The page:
Not our house; today we started working in a new student house on campus. Last week we worked with high school boys, this week we are in one of the girl's homes. We also have a new partner to train us and he is a vegetarian! Yay! We can get a perspective on how to get by here without being a hunter. We may learn more about green living here as well since he seems to be a pretty earth conscious person. He also seems to have a more positive attitude toward the students. The person we worked with last week was very rule oriented and sort of into catching the kids being bad (read:being kids). Of course we want to know the rules and how to keep the kids and ourselves safe and in line with policy. But we are hoping for a relationship beyond guardian of the gates. High standards of cleanliness and good behavior are important but developing a trusting bond is even more important. I am not naieve, I have taught high school in inner city Chicago and on reservations, so of course kids will test you, push the boundaries and get into trouble. That's what kids do. It is actually their job to break with adult/parental authority, establish independence and learn how to survive semi-intact while doing this. Without good boundaries and guidelines we all struggle with our attitudes and behaviors. I am hoping to be able to, at least in part, be a person the students can count on and turn to if they are struggling. I am looking forward to the challenge.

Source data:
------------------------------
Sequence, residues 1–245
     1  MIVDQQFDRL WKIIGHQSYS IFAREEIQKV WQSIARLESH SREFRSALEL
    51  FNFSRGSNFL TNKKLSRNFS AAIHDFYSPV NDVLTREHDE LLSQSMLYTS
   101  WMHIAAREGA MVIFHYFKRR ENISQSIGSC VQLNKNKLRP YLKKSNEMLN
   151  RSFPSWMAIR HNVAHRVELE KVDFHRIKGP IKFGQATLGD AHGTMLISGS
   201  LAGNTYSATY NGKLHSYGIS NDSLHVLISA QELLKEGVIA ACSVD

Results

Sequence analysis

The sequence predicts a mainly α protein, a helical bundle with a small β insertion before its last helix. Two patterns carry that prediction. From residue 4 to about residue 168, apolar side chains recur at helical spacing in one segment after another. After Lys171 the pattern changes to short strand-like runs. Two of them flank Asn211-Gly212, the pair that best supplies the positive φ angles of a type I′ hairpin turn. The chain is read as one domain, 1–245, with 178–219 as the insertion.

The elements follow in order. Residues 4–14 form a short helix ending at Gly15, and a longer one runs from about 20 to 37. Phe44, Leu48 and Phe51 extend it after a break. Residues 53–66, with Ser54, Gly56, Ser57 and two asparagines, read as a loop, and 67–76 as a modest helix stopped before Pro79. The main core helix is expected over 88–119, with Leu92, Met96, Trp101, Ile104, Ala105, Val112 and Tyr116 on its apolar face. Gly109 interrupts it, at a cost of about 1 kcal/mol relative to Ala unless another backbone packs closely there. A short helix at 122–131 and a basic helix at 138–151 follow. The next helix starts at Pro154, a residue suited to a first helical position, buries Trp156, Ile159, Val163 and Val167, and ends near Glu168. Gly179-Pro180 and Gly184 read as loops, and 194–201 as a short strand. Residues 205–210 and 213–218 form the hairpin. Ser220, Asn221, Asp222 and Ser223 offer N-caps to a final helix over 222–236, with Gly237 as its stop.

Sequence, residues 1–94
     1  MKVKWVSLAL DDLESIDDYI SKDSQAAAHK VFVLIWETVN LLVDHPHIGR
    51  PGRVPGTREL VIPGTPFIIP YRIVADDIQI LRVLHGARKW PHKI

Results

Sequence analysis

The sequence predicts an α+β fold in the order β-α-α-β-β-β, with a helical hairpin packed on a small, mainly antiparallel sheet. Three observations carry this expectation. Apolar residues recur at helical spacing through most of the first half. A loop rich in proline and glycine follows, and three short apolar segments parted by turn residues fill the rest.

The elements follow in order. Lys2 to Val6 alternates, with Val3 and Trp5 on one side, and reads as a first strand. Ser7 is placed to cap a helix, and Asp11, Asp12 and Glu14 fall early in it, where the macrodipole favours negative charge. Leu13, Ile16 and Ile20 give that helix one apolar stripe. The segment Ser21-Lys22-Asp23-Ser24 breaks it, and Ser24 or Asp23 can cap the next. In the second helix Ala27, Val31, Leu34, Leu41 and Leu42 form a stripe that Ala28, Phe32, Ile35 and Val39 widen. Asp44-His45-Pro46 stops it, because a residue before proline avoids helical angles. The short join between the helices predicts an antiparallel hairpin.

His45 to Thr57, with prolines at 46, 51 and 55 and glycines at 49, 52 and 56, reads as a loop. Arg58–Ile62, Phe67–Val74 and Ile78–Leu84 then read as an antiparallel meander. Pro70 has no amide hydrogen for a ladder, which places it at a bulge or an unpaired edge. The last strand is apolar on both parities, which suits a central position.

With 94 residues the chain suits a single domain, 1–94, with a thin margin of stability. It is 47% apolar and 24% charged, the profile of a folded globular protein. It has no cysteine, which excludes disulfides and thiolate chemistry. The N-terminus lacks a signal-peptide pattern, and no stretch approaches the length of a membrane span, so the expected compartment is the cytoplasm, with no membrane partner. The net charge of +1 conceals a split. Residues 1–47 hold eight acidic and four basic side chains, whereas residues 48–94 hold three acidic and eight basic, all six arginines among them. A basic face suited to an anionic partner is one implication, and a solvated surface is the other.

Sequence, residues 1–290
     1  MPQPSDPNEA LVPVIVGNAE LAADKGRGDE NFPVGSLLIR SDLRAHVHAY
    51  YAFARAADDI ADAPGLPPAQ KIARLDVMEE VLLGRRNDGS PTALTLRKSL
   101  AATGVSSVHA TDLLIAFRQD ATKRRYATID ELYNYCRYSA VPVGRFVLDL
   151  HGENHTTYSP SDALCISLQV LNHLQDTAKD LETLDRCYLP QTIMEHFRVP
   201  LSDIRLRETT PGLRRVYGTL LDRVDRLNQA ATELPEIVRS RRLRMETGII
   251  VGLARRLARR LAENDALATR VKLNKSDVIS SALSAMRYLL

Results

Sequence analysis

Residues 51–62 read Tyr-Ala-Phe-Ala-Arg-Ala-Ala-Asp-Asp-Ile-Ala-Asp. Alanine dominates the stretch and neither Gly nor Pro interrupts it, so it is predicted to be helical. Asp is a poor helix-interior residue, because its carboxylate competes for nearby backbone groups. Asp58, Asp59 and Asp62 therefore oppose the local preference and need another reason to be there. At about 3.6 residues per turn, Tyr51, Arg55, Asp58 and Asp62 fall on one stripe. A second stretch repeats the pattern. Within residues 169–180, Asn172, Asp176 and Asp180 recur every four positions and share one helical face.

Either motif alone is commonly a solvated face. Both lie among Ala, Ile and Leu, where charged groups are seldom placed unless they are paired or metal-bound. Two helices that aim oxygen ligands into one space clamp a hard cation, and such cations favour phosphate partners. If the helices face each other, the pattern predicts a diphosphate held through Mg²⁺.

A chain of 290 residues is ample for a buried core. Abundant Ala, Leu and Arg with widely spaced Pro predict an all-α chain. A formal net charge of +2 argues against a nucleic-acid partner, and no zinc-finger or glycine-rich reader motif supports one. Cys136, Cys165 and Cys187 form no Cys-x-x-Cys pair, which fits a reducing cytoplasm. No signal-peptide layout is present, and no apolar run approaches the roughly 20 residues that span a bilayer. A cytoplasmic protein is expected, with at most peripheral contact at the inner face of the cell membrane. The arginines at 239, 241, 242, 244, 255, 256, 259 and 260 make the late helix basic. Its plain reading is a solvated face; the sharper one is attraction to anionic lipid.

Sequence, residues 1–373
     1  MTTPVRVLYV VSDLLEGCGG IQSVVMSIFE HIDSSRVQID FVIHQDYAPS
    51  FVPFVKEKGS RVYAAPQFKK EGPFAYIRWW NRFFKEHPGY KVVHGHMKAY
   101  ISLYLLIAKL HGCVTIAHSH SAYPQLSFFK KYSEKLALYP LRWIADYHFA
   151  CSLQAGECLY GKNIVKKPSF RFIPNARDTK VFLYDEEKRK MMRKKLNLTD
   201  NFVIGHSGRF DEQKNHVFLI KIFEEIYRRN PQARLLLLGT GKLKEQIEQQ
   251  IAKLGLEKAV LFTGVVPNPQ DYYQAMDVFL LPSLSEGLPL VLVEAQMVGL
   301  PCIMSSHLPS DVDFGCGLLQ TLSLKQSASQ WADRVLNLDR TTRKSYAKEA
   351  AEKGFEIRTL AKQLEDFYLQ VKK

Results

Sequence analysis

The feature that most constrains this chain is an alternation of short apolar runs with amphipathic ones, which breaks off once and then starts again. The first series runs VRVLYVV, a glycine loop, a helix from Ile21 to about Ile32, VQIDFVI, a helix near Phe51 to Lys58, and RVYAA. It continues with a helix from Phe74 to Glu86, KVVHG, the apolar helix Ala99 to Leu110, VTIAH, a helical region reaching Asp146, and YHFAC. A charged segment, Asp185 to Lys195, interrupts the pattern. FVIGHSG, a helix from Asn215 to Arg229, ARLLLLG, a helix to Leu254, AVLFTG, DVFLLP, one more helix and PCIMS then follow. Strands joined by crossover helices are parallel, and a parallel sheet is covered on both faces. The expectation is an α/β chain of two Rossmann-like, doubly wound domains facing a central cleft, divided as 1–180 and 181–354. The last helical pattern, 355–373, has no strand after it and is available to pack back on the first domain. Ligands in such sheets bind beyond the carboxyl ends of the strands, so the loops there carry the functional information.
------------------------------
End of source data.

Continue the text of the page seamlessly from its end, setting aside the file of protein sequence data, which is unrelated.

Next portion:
e-qua yona, Cherokee for 'big bear' is the only nick name I've ever had, at least one I liked. One of my favorite ever students called me that when I taught for the Eastern Band Cherokee. It is Mato Tanka in Lakota.
I have lived a nomadic life and have enjoyed most of it so far.
Seeking balance with the universe or great mystery is what life oughta be about.